Date of publication: September 27, 2016

Expert Perspectives

Expert Round Table: The Challenge of Phosphate Control

Controlling phosphate levels in CKD patients continues to be an important clinical challenge for nephrologists.
In this round table discussion, Professors Angel De Francisco and Laurent Juillard highlight ways in which the nephrology community could meet this challenge, including with improved patient education, communication and motivation.



Dr De Francisco

Laurent, we have been dealing with patients with CKD, controlling hyperphosphatemia, for many years. And you know, it’s my feeling that at the moment, we do not control hyperphosphatemia in the majority of the patients.

So what do you think we could do in order to improve the knowledge of hyperphosphatemia in doctors and in patients?

Dr Juillard

I think there’s a two-level challenge, as you mentioned. The physician challenge, because probably there are experts and there are everyday-treating nephrologists. And there is a request for simplification, for a very clear message, an accurate, true, but simplified message, as you say, that is really important for patients.

And I think that if we are not making a huge effort in finding the way to communicate to patients, we will fail in achieving a target for phosphorous.

Dr De Francisco

Yes, certainly, because this is a problem for doctors and patients. The doctors . . . this is my point of view . . . because there is an association [between] hyperphosphatemia and survival and morbidity and mortality, OK, they know that this is just an association.

There is only the COSMOS study showing that when you reduce the phosphate, you improve survival and quality of life. But I think that we need to focus more on that particular message, how important that is.

Dr Juillard

For sure. I think there was this long, as you say, time of communication about phosphate and the lack of evidence. So there is a true issue for motivation for doctors to be active in this field, and I think that we need to keep on communicating to motivate them. And also find a way that this motivation actually goes to patients. Because this is the ultimate way that we can actually serve and address the problem.

Dr De Francisco

I don’t know exactly whether the patients know the difference between organic and inorganic phosphorous, how it’s absorbed in a different proportion. The question is why do patients, they know their figure in glycaemia, in cholesterol, and blood pressure and many other data, but they don’t know the figure about phosphate?

[It’s] because they do not make an association between serum phosphate and quality of life. They don’t care about that. So we need just to focus a little bit. I have an idea just to put the red flag and to give every month, “Mr. Smith, this is your red flag for phosphorous, your phosphorous is still not controlled, so you will have here on the bed the red flag about phosphate”. Or something like that. But they need, we need to focus how important is that. Right?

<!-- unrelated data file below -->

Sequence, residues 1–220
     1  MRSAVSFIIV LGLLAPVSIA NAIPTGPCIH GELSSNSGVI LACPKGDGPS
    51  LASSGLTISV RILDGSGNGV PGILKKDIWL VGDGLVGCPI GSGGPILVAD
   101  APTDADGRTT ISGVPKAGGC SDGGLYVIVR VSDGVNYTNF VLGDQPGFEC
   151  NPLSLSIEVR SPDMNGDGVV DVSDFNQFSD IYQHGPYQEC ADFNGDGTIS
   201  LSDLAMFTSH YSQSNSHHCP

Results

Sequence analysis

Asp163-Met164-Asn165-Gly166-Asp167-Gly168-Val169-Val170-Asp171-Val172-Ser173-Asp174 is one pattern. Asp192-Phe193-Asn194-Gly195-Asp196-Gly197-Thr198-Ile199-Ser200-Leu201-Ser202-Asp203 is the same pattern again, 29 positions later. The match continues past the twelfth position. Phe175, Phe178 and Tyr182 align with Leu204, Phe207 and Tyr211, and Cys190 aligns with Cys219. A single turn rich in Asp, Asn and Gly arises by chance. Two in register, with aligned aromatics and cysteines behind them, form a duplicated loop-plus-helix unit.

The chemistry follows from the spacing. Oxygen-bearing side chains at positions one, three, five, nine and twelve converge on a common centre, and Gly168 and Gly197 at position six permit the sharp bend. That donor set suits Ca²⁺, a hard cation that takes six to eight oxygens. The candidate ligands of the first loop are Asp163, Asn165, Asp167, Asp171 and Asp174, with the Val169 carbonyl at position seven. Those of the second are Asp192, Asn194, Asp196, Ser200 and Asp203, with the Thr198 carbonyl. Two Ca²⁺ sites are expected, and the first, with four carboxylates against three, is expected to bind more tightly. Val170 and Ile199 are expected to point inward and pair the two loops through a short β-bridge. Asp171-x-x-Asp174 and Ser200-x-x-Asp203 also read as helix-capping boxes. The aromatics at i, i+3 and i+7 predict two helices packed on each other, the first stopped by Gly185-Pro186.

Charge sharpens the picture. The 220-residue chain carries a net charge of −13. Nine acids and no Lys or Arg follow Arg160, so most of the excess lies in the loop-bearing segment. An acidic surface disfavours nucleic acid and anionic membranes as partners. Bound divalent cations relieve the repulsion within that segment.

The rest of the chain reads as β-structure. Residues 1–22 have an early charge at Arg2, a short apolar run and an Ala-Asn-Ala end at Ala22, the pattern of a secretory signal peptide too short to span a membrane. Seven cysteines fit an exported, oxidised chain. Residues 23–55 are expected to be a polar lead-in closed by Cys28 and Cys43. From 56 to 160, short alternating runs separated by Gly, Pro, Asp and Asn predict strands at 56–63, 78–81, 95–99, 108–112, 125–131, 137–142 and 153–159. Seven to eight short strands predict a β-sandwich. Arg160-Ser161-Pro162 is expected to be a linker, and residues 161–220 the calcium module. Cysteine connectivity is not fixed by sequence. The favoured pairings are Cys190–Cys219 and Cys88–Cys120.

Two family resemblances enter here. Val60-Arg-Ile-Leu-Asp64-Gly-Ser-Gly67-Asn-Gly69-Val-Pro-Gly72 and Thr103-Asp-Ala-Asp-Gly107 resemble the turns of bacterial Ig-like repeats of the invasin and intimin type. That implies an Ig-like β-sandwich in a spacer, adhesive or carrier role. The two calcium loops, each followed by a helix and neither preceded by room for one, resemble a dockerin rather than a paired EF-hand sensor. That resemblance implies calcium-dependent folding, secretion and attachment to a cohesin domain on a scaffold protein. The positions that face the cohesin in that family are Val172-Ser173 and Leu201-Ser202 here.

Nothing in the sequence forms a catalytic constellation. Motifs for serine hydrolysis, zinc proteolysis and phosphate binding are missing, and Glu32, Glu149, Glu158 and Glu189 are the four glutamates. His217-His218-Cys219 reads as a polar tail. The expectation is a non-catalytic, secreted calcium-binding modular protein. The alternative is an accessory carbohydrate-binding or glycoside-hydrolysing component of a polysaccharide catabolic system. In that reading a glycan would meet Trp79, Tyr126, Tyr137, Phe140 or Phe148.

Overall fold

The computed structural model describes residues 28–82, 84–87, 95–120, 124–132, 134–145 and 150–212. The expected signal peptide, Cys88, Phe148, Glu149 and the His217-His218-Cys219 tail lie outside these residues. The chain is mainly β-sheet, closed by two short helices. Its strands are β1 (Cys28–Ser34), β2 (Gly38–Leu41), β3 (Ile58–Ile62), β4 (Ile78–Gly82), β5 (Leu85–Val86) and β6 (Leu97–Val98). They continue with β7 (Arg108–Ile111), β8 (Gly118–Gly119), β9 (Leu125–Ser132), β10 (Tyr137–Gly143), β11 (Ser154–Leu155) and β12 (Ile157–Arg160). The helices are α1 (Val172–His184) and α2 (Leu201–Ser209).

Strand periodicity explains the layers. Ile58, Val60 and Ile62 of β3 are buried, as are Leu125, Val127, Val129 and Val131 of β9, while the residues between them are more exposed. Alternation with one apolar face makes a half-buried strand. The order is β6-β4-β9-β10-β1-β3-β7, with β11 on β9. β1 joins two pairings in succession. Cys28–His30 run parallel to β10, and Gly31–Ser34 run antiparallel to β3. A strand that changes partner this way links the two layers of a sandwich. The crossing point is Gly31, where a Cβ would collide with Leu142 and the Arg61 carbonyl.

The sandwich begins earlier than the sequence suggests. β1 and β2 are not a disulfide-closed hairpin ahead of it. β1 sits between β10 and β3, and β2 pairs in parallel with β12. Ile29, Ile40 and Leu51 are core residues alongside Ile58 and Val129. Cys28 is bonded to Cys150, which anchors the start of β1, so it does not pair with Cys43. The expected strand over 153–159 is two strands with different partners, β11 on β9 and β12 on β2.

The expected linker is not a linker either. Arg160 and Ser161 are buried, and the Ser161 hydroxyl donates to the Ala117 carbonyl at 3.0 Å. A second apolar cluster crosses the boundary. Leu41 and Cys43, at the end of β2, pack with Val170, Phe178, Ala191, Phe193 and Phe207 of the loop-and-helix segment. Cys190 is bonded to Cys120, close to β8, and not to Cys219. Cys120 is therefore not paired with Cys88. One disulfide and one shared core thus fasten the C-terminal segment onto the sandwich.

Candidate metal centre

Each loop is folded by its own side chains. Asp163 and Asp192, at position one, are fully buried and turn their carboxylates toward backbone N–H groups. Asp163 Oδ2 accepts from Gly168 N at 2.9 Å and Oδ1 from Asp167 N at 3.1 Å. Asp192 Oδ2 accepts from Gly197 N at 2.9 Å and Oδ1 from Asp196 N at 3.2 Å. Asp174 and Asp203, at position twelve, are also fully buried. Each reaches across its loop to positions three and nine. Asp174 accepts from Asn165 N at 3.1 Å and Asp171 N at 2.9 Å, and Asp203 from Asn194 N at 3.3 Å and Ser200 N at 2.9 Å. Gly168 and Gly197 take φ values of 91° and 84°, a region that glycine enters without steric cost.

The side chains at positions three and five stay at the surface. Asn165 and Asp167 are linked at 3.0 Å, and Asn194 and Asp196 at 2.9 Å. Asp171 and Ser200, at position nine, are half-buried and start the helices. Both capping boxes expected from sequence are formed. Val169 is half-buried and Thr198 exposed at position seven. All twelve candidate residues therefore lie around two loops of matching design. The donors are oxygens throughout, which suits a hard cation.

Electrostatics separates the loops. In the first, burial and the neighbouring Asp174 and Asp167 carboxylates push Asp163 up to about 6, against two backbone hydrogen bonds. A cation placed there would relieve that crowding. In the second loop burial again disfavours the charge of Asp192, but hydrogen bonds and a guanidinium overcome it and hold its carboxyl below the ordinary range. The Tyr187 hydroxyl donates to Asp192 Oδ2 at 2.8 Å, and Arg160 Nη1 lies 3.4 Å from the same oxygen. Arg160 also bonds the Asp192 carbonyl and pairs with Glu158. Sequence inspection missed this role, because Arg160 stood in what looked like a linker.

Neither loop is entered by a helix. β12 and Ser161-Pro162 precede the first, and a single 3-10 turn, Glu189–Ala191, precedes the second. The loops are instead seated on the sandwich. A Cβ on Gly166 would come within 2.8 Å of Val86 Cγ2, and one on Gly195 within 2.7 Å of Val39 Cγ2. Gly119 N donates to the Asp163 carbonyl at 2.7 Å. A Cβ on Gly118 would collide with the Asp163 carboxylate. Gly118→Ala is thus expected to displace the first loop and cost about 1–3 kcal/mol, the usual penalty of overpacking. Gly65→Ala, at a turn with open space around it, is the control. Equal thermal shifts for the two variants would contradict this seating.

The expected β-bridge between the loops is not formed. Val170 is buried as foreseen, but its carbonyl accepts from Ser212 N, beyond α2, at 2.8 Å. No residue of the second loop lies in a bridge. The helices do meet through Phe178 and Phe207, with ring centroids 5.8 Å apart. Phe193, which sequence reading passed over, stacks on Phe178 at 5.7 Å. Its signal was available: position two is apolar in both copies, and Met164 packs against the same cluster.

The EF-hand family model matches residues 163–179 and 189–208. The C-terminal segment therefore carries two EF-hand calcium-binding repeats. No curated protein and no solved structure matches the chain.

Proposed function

Dr Juillard

I think that there are some biological values that we have to address during the nephrology consult.

You will deal with blood pressure, very important. Then you will deal with proteinuria. You will deal with renal function. You will deal with anaemia. You will deal with hypercholesterolemia. And then you will go to Vitamin D, PTH, phosphate. There are so many things.

Dr De Francisco

And then to focus as well in how to reduce the amount of pills, the pill burden, that they take. Which in fact, they take about 17 pills per day, of which 50% are phosphate binders. So either they do not take the phosphate binder or something’s happened, but at least we should reduce that amount of pills, right?

Dr Juillard

I think that education is again a key point, because most of the people, they don’t know which pill is for which disease or which problem or which abnormality in any lab value. So first we have to say, “Well, this is for this problem.” And maybe they will find more motivation if they know what they are doing, and if we get the time to explain that it is something relevant, and this is something that they must do as a saving of their health, that they have a capital that they need to preserve.

Dr De Francisco

So finally, I think that we could agree. We agree that the worry is simplicity. So we need to educate doctors in a simpler way, we need to educate patients in a simpler way, and we need to find at least a product with a simpler number of pills. That’s the way how we can go forward. If you agree Laurent?

Dr Juillard

Yes. 100%. But we have much work [to do]!

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